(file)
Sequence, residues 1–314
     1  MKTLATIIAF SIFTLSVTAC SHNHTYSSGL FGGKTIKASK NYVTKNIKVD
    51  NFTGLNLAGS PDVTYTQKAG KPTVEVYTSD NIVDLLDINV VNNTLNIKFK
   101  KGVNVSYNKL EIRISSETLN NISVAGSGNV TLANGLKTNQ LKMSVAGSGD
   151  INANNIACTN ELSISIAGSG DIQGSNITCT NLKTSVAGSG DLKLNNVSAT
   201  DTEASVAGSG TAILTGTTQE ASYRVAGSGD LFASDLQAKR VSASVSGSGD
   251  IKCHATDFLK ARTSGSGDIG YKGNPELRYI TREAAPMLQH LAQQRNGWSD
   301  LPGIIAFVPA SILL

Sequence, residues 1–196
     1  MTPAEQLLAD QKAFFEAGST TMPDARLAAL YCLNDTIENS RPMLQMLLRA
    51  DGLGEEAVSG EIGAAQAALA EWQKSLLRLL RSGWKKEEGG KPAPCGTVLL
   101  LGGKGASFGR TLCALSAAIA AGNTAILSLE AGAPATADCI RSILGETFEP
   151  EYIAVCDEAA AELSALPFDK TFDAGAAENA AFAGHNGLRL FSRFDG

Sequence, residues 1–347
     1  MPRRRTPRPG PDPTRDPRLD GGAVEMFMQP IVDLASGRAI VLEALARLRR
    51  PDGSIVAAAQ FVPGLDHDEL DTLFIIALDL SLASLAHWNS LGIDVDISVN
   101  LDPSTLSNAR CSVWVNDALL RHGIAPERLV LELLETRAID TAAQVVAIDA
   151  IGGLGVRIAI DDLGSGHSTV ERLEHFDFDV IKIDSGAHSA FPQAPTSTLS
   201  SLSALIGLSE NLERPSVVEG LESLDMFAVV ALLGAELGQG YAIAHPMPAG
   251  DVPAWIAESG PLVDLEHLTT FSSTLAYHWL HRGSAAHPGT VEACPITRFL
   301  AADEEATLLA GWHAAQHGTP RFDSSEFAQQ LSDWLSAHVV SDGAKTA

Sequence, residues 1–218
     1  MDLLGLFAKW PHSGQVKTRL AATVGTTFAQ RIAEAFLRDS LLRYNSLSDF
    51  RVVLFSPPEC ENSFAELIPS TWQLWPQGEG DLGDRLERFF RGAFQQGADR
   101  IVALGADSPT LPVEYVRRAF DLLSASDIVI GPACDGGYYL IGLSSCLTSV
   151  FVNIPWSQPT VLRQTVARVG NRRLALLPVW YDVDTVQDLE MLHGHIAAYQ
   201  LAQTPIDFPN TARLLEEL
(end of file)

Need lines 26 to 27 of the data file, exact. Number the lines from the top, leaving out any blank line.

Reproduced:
   151  FVNIPWSQPT VLRQTVARVG NRRLALLPVW YDVDTVQDLE MLHGHIAAYQ
   201  LAQTPIDFPN TARLLEEL